I write my content - and I generally submit with a title, but frequently the headline my editors pick will be their own. I get the feedback about the headline being link-bait when readers think that the headline is misleading, inappropriate or trolling. Sometimes the readers have a point, but frequently, they just have a sacred cow that the headline attempts to tip. It goes both ways. FWIW, I called Gizmodo out recently for a headline that read, "Are these images proof that NASA has filmed alien UFOs," when the body of the article said, "duh, of course this isn't proof of alien UFOs," about a third of the way in.
 
The trend is so oriented to the linkbait headline these days I'm totally shocked they didn't include "or the Apple iPad since Foxconn makes it for them!"

Lately every linkbait headline throws apple in there to attract the fans and the haters. Big fail by that headline writer. 
 
I have a suggestion.

Ridicule. And Satire.

Everyone who does something like this (and BI is particular for it) should be mocked fully and completely.
 
+Stephen Manning Business Insider has been ripe for mockery for a long time now. They are really the kings of nonsense and insane commentary. I think an 'Onion-esque' version of Business Insider is long overdue.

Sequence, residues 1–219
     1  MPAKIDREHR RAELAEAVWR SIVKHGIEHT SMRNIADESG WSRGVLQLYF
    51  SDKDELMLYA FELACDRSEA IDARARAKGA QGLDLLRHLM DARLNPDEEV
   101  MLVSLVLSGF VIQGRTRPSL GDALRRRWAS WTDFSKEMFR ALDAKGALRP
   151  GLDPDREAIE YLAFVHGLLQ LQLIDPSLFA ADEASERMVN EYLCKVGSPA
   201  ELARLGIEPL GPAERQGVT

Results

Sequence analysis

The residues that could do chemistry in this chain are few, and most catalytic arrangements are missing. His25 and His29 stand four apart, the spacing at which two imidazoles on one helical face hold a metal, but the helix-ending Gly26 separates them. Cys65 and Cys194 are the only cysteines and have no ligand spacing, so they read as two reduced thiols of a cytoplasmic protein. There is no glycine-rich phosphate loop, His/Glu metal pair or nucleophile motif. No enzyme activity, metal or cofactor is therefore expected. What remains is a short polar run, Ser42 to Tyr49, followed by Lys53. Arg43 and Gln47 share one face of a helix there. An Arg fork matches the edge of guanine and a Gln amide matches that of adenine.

+Steven Sudit that is true. I mean, it's a blog about business analysis and commentary that is founded and edited by a guy who was convicted of lying in his business analysis and commentary.
 
The response to this really all depends of the granularity of the division of labour at businessinsider.com; does the reviewer write the headline, or is that done by a sub-editor? I hated all my subs when I was a journalist because even cat-up-tree stories ended up sounding like previews of the apocalypse.

If it was the reviewer, it's nothing that good kick in the pants via readers' letters wouldn't at least bring to notice, if not fix.

It obviously bugged you, +Steven Levy, as I think it should have. Maybe a 'Lord Copper' note to the reviewer is just what the doctor ordered.
 
If it blees it leads. It's a sad state of affairs, but I don't see the trend changing any time soon...
 
I generally submit my articles without titles since titles are usually the editor's bailiwick.

I just sent a fiery letter off to the Financial Times about a restaurant review. The sub-head of the article suggested that the restaurant under review was Japanese, but the content of the review (and of the reviewer's meal) made it clear that it was nothing of the kind. This was, I am sure, the editor's mistake.
 
Someone should make a Mad Libs style Business Insider Headline Generator.

"Read the __ things __ doesn't want you to know about ____"

"See the __ things the __ thinks will change the way you __ forever"

"____ just really ___ _____ so hard that it won't be able to ____ right for weeks"

etc..
 
Could this be a new form of producT placement?
 
BI articles have been popping up on radar more often than not in the last few days. BI articles always seem to need repair.